To help readers keep pace with what’s happening in the real estate sector, Mint’s Q&A appears every other Monday.
I am a cost accountant working in a multinational pharmaceutical company in Delhi. I am staying in a rented flat and my lease agreement of two years is ending next month. Instead of renewing it, I want to move into an apartment of my own, but am not sure if I will be able to get a flat within my budget. Is this a good time to buy? I want to take a home loan in case I decide on the property.
Yes, this is a good time to buy property. Property prices have bottomed out, and we do not see property prices going down much from the current levels. In fact, in some places, which include metros such as Mumbai and Delhi, one can see a marginal increase in property prices.
There have been several projects announced by developers in recent times with a special emphasis on affordable housing. The cost of buying a house has come down due to a combination of factors, such as a drop in property prices, lower specifications and reduction in the average size of units.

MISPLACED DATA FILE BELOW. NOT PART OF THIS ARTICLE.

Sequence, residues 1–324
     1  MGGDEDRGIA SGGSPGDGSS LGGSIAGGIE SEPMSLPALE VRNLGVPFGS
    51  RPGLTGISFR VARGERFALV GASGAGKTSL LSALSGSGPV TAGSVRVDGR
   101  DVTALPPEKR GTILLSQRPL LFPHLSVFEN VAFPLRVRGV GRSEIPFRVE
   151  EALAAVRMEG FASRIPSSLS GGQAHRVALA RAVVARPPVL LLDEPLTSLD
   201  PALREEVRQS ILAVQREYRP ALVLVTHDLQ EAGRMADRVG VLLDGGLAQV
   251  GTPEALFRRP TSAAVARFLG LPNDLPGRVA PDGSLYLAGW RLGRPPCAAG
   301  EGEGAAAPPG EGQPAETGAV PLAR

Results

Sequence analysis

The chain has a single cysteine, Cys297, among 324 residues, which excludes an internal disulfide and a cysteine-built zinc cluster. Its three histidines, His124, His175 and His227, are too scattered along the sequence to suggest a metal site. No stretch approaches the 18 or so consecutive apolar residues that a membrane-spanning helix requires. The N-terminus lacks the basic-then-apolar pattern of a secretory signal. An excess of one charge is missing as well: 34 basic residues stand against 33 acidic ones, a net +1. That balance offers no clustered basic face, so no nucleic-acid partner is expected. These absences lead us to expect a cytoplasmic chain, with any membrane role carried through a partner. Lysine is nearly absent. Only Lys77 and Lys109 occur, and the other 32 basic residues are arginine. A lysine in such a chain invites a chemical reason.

Further, home loan interest rates have also come down sharply over the past six months. Interest rates are also likely to be stable with a downward bias in the next four-six months.
Since you want to buy property for your own use, this is as good a time as any to buy it.
I am a 32-year-old software engineer working with a leading IT firm in Pune. I intend to buy my first property in Pune and have homed in on an apartment in the range of Rs40-50 lakh. While I have some savings, I would need to take a loan from a bank too. If I book this flat, which is under construction, how will the payments be made?
If you choose an under-construction property, please note that payments to developers are typically time-bound and linked to the stage of construction.
You will have to begin by paying the booking amount to the developer. Since you need a home loan for the purchase of the plot, you could approach a housing finance company or bank and get your home loan approved. Most lending institutions approve up to 80-85% of the cost of the property, depending on the repayment capacity of the borrower.
Once your loan is approved, you need to pay the balance amount to the developer towards your own contribution, after which your lender will disburse the required amount to the developer based on the stage of construction.
Renu Sud Karnad is joint managing director, HDFC.
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